It's getting harder to pretend to be grassroots when the real grassroots has a voice.
It sounds like an Astroturf campaign for the upcoming computers-gone-bad movie "Terminator: Salvation," but in fact New Scientist magazine is being completely serious when it asks if the Internet itself could soon become "self-aware."
Cable giant Comcast seems to have moved on from its anti-BitTorrent filtering, and now appears to be engaged in a fairly low tech astroturf campaign.
In a few short weeks the world will be consumed by soccer, er, football. Whether you're a casual, every-four-year watcher or a die-hard hooligan, here's a few ideas to improve the watching and listening experience.
Intel uses a flash mob-style marketing campaign to spread the word about ultrabooks, but is it successful? Have a look.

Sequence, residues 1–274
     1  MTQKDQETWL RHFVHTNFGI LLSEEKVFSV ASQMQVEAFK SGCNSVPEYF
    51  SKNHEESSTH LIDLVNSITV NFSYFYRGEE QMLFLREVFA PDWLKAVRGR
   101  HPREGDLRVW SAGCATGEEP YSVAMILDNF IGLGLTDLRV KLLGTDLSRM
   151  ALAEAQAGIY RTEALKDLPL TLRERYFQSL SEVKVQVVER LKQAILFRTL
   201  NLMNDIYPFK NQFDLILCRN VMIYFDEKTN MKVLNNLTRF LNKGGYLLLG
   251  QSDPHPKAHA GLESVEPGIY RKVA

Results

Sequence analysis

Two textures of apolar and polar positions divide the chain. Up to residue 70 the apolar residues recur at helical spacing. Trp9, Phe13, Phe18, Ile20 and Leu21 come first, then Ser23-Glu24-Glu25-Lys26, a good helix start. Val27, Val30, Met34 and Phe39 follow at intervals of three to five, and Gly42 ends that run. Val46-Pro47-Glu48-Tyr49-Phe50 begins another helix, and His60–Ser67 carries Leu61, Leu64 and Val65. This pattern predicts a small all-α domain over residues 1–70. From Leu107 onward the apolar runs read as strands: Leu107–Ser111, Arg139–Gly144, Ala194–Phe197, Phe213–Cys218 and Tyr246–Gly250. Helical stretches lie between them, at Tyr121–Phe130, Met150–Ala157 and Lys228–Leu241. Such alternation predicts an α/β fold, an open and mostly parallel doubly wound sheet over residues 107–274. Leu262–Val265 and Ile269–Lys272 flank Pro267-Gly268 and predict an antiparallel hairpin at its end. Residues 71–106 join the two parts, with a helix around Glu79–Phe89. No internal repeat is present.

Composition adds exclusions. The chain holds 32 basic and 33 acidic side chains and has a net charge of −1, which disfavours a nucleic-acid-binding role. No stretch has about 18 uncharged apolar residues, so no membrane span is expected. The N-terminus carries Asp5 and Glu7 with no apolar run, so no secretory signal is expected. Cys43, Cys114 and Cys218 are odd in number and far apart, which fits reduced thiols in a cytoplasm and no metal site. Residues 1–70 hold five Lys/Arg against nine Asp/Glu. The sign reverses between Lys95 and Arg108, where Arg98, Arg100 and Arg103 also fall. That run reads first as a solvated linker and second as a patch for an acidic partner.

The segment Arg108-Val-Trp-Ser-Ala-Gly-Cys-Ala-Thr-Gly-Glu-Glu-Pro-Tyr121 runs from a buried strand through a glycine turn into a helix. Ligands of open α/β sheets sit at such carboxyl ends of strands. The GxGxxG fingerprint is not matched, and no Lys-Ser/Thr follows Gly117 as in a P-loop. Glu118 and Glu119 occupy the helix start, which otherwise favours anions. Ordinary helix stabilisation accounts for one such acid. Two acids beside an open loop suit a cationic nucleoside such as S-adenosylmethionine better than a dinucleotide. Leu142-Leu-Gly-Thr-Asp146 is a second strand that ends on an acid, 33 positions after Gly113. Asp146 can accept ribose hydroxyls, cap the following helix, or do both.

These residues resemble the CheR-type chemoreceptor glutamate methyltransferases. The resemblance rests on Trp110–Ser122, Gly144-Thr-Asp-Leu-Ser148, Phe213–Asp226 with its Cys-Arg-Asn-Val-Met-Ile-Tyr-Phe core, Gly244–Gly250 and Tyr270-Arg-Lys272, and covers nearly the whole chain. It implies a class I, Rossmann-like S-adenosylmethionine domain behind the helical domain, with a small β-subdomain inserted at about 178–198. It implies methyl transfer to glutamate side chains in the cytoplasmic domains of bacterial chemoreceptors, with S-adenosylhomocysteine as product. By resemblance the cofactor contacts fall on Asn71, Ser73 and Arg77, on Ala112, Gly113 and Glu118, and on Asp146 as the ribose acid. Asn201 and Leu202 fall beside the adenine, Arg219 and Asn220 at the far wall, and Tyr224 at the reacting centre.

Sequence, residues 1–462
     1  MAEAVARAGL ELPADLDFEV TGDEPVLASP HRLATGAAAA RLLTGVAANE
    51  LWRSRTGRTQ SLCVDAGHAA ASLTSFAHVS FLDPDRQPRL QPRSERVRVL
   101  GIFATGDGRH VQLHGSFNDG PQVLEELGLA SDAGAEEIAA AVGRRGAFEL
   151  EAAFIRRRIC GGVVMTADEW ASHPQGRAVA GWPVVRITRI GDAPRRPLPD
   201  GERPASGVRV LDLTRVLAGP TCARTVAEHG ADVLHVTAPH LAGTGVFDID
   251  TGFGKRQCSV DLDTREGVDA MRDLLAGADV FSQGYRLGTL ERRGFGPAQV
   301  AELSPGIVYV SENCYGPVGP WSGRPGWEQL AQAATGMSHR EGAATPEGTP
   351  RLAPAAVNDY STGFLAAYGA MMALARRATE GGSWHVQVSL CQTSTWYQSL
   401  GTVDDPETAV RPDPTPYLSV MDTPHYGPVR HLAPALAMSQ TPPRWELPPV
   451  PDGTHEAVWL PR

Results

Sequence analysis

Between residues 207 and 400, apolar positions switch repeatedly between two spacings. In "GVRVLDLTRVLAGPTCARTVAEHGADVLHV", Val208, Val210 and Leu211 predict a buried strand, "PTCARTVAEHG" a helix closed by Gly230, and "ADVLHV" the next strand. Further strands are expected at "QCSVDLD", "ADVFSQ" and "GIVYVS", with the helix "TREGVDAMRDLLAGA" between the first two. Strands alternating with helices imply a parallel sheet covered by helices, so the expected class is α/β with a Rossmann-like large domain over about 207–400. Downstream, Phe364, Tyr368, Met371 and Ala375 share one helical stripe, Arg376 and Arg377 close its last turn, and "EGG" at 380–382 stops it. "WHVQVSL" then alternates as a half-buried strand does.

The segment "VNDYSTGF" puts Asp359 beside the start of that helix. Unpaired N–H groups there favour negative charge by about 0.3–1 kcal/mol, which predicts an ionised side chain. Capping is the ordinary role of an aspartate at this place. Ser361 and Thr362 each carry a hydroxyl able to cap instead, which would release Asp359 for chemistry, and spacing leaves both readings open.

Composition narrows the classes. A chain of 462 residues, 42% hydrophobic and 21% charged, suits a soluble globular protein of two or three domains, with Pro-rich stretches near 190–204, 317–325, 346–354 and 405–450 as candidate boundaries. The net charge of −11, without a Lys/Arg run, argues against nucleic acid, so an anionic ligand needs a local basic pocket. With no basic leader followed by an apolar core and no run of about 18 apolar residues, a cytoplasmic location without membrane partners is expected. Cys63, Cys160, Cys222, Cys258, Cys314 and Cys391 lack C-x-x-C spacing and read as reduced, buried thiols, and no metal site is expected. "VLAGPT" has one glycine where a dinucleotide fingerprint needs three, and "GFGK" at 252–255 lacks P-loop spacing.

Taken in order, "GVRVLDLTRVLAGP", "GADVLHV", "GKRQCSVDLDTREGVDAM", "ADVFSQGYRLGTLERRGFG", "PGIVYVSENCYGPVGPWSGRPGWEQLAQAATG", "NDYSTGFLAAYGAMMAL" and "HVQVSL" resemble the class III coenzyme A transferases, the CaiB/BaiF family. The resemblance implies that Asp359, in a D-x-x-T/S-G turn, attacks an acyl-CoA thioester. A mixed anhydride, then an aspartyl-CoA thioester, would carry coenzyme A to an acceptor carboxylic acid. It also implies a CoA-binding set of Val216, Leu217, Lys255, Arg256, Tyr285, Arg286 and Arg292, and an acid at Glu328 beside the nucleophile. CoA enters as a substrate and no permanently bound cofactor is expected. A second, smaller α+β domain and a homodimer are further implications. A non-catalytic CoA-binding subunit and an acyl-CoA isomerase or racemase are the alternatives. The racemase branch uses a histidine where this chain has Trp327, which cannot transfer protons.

The company admits it hired people off the street to save places for its employees. But some, apparently, also took up some of the precious few seats, displacing potential critics.
Lyft's quirky car ornament had made it the most recognized ride-sharing service in the industry. Lyft's President John Zimmer talks to CNET about the power of the stache.
In the wake of setbacks to new coal powerplant construction in the face of likely carbon legislation, the coal industry has mounted a serious PR blitz.
Online classifieds site founder Craig Newmark would like to see more transparency in Washington, D.C., from politicians and telecommunications companies.
A few small changes to the way applications are listed and reviewed on Apple's App Store should help ease the tension somewhat between the company and developers.